I had planned on talking about Animal Man in three chunks: the four issues that kick off the series’ reboot; the twelve following issues, which mostly describe Buddy’s adventures with animal rights groups and other superheroes; and then the final ten, where metafiction and commentary on comics really come to the fore. But Animal Man 5 is just too cool and important for what is to come to not treat on its own. Here, we discuss Animal Man 5: The Coyote Gospel.
To recap: A trucker while driving down a highway in the desert runs over a large, anthropomorphic coyote. Understandably frightened, he keeps driving. In the mean time, the coyote has pulled himself out of the dirt and his wounds begin to knit on their own – he’s named Crafty, a thinly veiled Wile E. Coyote analog. In the ensuing months, the trucker’s life goes to hell as friends and family die in freak accidents. He blames his bad luck on the “devil” he ran down in the desert and goes back to hunt him down. He shoots the coyote, blows him up, then shoots him again. Crafty finally dies, but before he does, he gives Buddy, who coincidentally was flying by, a scroll he was carrying – “The Gospel According to Crafty.” It describes Crafty’s suffering in a world populated by Merry Melodies-style ‘toons constantly fighting. Fed up with this eternal torment, Crafty takes an elevator to heaven and confronts the creator, who transports Crafty to another order of reality, Buddy’s reality, to suffer for the ‘toons sins.
This issue can be read as a sad little story that stands quite independent from the rest of Animal Man. Buddy appears only very briefly and doesn’t figure very much in the main action, and certainly I’ve always wondered what it would be like if, say, Bugs Bunny, Elmer Fudd, or Wile E. Coyote were a little more self-aware. Maybe they would hate us for taking such joy in the brutality inflicted on them for our amusement.
But this story, and those considerations, have significant relevance for what Animal Man goes on to treat. In this issue, for the first time, questions about the nature of fiction and the relationship between creator and created begin to weigh on our minds. Crafty has been uplifted from a reality full of strife, but apparently free of pain, into Buddy’s reality, a crueler and more real universe. He goes from being a cartoon coyote to a big and frightening anthropomorphic one at the stroke of the creator’s brush:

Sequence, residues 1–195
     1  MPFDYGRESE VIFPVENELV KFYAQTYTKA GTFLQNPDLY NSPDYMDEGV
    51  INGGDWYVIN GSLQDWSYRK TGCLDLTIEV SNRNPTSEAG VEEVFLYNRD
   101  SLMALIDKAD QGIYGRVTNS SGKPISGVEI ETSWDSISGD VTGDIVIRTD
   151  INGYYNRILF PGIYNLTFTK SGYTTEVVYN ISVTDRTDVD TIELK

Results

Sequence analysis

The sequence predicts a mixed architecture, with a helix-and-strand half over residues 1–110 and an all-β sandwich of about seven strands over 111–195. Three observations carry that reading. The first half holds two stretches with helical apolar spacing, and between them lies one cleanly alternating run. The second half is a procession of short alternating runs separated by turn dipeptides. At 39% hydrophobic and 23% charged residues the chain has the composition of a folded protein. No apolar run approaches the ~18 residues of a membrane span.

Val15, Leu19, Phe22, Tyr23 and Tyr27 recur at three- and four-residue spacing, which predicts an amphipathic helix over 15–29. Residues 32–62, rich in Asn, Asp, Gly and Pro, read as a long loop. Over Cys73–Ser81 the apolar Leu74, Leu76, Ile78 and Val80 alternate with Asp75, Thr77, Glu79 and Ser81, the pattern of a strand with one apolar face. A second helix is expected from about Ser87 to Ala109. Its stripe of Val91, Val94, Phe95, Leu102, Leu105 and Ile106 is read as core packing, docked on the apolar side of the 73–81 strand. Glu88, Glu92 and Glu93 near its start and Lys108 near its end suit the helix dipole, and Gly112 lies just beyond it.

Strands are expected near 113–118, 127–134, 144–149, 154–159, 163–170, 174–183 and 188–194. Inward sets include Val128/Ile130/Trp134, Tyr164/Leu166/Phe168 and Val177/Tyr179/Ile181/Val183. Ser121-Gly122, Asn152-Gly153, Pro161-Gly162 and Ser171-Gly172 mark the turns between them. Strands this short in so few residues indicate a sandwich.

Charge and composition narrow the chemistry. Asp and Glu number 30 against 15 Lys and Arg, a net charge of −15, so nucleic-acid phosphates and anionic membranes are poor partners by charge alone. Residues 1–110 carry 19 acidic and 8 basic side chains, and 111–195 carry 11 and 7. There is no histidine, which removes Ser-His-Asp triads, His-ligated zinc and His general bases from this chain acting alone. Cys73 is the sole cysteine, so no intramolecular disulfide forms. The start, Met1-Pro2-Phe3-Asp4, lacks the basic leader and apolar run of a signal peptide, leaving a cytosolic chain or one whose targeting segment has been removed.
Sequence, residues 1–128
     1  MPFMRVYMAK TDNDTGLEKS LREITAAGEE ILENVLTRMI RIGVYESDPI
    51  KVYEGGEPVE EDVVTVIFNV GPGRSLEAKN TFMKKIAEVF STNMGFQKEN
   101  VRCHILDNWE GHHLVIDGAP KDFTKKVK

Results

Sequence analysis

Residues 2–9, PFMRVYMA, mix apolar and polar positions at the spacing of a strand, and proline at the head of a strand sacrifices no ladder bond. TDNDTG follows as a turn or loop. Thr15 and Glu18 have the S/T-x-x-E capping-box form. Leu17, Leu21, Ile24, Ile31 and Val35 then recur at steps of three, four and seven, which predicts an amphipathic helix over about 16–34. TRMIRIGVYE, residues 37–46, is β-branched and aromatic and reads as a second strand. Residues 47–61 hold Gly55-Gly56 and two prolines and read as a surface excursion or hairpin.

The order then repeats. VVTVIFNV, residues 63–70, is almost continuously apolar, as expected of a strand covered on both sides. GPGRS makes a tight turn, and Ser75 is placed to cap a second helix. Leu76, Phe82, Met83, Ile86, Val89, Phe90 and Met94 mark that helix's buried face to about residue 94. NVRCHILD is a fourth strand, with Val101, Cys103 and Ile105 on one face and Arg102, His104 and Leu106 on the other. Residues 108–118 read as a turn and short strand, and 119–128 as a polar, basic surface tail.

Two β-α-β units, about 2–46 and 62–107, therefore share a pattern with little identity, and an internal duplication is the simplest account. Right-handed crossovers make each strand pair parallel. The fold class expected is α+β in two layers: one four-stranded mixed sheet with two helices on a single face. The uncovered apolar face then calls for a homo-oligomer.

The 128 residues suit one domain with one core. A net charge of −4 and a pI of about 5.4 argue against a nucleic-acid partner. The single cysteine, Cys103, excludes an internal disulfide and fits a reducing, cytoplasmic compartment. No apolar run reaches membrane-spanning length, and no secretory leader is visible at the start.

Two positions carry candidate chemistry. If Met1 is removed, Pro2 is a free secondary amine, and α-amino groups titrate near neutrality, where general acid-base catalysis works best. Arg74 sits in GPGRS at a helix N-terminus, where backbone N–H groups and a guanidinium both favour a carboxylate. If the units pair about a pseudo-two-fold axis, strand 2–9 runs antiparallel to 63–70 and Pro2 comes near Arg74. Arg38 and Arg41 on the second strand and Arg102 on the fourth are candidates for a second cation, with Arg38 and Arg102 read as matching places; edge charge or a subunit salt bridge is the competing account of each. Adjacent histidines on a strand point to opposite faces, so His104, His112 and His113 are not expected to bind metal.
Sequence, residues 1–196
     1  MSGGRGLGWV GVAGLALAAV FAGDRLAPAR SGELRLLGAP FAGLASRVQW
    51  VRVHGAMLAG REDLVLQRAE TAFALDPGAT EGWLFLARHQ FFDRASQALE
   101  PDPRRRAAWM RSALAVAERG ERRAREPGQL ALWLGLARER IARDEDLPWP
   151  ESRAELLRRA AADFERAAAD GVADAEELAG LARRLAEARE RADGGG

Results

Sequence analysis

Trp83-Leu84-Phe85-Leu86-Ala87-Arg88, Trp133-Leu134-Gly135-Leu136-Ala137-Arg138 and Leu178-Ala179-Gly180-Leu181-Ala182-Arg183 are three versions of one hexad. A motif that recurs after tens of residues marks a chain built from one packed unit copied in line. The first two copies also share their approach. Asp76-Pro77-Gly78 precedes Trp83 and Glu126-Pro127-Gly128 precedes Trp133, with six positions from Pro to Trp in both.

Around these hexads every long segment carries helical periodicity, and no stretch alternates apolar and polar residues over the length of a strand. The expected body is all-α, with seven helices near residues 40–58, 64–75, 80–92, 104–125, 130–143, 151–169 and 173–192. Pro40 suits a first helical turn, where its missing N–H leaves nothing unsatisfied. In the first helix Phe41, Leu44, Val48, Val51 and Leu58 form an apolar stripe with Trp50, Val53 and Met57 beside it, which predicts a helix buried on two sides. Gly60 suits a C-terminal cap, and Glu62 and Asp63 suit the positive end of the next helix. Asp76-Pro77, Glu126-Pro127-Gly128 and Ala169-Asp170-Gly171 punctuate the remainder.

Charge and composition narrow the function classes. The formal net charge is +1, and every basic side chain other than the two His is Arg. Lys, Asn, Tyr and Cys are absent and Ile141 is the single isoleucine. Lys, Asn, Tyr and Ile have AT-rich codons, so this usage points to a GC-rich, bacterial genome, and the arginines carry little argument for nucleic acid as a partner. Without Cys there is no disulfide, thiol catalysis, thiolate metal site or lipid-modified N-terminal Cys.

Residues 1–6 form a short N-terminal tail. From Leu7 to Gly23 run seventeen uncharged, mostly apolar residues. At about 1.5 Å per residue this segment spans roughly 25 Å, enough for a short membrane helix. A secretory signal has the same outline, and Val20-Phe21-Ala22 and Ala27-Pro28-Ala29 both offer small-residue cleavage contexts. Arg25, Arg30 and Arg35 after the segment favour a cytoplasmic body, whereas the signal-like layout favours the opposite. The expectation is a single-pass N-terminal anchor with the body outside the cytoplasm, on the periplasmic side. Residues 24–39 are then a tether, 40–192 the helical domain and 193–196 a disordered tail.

Now, transported from that other chaotic, but seemingly innocent, world to Buddy’s world, he must deal with a disturbing consequence of the “real world”: while he may be able to regenerate from any wound, that doesn’t mean it won’t hurt badly. When we first meet Crafty, he is run over by a truck, and his recovery is shown and described in gut wrenching terms.
So a character from another, more innocent, and less self-aware sphere is confronted with the “real” world by the creator and forced to undergo the cruelties that entails. As I discussed previously, this is what Morrison did with B’wana Beast – and resists doing to Buddy for the time being. This is one way we can treat our creations and tell stories: we can transport them into a world like ours and explore just how brutal this world can be. This issue reminds me very much of Swamp Thing 32, “Pog,” Moore’s tribute to Walt Kelly’s strip Pogo, in which analogs to the tiny, but anthropomorphic, animal characters from Pogo meet violence and death when they land in Swamp Thing’s swamp.
A theme of the issue, and a theme of Animal Man, is that nobody ever really knows what’s going on. The trucker thinks his life has gone to shit because of his encounter with Crafty, who he begins to believe is the devil, at the beginning of the issue. But running over Crafty was just a grotesque and terrifying accident (and an ultimately harmless one, since Crafty’s body regenerates). The deaths of the trucker’s friends and family are tragic and disconnected strokes of fate. Buddy himself has even less of an idea going on. He happens on the trucker’s assault of Crafty at random after he has stormed out of his house in a huff because of a fight with his wife and started flying over the desert. Crafty gives him the scroll, the “Gospel According to Crafty” that describes his ascent into Buddy’s world, but it’s just a jumble of squiggles – Buddy can’t read it!
Crafty, of course, is the saddest character at all. He is similar to Zibarro of All-Star Superman 8, a stranger in a strange land, estranged from everyone and everything because of his self-awareness. But Zibarro was at least able to bequeath the chronicles of his miseries to someone who could read them.
But like the trucker and Buddy, Crafty’s knowledge is incomplete too. He thinks he is suffering and dying to redeem the other the cartoon characters from his own reality, and he thinks that they fight and he suffers only because of the whims of his creator.
But we know that this isn’t really the case, or not exactly the case. Crafty hasn’t completely seen beyond the fourth wall: he doesn’t know about us, the readers. He doesn’t know that he is really suffering and dying for our sake. This is happening to him because we are reading the book, because we enjoy reading about his tribulations and get some kind of meaning out of them.
When the trucker shoots Crafty for the final time, Crafty doesn’t regenerate, get up back up, and suffer some more. The trucker thinks it’s because he has shot Crafty with a silver bullet fashioned from a cross that a dead friend had given him. But we know better. Crafty’s suffering finally ends because his creator has taken pity on him. That brush descends once again and ends his misery.
The issue’s cover, in which Buddy is in that same pose as Crafty, like Christ on the cross, alludes to what is to come. Buddy, like Crafty, will have his own share of transformation and suffering. But Morrison’s run on Animal Man will end the way the issue ends, not with cruelty, but with mercy.